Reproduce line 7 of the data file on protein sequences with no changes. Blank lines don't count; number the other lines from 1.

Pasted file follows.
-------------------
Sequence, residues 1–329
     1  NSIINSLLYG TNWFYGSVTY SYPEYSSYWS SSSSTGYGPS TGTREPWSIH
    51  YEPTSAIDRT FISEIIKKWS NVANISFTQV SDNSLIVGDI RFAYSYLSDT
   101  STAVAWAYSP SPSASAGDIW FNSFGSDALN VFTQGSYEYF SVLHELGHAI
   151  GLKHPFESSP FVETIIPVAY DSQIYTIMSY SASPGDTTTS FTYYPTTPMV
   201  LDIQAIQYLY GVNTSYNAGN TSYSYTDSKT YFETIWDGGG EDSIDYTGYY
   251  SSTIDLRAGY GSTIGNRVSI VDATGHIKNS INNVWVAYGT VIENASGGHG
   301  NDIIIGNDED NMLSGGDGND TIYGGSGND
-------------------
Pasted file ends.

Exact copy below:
   251  SSTIDLRAGY GSTIGNRVSI VDATGHIKNS INNVWVAYGT VIENASGGHG